Landsat satellite data are frequently used to monitor conditions during and after natural and anthropogenic changes to the land surface of the planet.
In 2005, large fires caused extensive damage to forested regions in the Cordillera Central, the mountains in the Dominican Republic. The fires started in the José del Carmen Ramirez National Park, on the lower reaches of Pico Duarte, the highest mountain in the Dominican Republic. The flames raced up the mountain, consuming the pine, palm, and broadleaf rainforests that grow at higher elevations.
A Landsat 7 image, acquired on March 21, showed the extent of the major fire units. The newly burned mountain slopes are dark brown, while unburned forest is green. The hot fire fronts glow red, revealing the extent of the active fires. Thick smoke, tinted blue in this image, rises from the fires.
A Landsat image acquired in July 2005 shows the extent of the fire scars (brown tones) and grasses growing more quickly (light green) than tree stands.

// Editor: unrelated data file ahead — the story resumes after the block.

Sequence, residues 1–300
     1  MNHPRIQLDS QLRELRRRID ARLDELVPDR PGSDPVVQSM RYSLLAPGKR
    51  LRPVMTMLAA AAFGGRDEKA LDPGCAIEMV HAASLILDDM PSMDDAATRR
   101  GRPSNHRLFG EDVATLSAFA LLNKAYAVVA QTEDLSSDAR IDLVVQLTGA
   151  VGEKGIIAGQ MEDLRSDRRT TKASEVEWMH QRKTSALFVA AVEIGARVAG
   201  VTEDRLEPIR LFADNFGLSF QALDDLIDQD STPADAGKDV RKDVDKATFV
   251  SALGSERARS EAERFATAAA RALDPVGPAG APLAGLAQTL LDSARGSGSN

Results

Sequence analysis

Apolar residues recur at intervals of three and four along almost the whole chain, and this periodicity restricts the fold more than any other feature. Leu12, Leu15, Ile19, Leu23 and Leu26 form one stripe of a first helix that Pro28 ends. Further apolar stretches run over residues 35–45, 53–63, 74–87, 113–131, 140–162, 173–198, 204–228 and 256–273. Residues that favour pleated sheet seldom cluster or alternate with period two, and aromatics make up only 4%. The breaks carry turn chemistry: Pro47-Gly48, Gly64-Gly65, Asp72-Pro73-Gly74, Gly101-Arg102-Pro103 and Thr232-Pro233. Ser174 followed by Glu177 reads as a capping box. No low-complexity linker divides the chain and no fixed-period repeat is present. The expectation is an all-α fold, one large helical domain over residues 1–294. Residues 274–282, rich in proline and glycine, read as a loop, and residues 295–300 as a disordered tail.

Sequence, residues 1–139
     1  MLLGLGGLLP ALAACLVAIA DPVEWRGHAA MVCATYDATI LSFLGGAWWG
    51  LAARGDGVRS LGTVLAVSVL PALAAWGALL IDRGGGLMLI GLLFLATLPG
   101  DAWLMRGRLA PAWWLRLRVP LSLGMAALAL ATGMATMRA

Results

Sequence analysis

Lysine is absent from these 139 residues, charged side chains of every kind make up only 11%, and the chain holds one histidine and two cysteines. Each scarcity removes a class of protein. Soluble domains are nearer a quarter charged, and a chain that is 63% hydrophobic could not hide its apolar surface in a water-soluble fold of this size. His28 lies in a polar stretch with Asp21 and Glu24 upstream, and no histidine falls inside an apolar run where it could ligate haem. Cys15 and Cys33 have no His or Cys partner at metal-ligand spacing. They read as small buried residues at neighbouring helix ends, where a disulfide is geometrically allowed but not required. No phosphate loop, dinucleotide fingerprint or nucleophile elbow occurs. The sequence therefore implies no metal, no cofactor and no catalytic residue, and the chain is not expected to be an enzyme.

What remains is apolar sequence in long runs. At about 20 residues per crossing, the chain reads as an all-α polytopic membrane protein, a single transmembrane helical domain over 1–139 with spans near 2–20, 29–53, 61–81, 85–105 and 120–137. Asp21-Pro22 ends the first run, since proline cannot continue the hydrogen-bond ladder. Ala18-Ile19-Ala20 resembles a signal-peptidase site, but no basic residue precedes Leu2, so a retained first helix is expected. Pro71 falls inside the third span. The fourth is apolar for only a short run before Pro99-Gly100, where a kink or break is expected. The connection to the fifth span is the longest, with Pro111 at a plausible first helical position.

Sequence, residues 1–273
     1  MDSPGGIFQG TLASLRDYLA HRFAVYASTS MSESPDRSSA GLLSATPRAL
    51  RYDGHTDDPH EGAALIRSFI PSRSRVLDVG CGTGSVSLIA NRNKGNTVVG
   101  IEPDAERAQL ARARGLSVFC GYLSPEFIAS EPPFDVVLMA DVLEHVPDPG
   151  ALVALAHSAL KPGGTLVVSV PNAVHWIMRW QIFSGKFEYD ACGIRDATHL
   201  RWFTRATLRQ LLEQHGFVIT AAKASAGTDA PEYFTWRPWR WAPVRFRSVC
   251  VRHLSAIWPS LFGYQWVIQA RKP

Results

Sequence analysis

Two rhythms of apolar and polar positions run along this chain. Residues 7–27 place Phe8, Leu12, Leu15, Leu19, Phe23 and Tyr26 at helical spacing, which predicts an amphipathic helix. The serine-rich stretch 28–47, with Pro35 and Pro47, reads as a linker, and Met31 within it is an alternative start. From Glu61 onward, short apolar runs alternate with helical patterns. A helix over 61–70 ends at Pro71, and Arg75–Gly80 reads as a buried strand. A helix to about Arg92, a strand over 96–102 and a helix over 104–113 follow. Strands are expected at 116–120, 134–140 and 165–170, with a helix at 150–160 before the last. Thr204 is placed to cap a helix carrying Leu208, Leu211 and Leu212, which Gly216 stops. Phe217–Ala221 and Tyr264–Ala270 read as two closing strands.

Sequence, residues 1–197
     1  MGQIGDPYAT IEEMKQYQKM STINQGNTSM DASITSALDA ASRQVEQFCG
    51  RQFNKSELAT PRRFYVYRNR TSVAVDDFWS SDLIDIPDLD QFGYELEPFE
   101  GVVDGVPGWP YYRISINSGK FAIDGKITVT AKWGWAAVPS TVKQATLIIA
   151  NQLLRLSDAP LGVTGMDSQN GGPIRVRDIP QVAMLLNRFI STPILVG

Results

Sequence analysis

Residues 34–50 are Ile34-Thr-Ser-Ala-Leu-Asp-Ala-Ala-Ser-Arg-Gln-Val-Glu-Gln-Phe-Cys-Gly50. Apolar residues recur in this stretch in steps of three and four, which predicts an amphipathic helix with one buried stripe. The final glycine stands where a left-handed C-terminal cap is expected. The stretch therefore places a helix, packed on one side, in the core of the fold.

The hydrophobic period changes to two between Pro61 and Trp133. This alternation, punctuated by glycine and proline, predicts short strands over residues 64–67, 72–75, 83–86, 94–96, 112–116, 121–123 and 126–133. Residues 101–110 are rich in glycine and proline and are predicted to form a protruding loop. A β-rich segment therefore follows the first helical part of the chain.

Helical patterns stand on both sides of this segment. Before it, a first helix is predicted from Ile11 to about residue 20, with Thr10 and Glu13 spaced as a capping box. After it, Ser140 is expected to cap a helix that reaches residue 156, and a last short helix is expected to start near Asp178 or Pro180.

The February 2011 image shows the regrowth of the forest lands. The fire scars are covered by darker green tones representing developing forest lands.
Beyond the impact of the fires on forests, regional and international teams study the rate of regrowth as the newly exposed, steep sloped soils are more vulnerable to erosion, thus affecting water quality in down slope rivers, which are the principle source of drinking water for the region.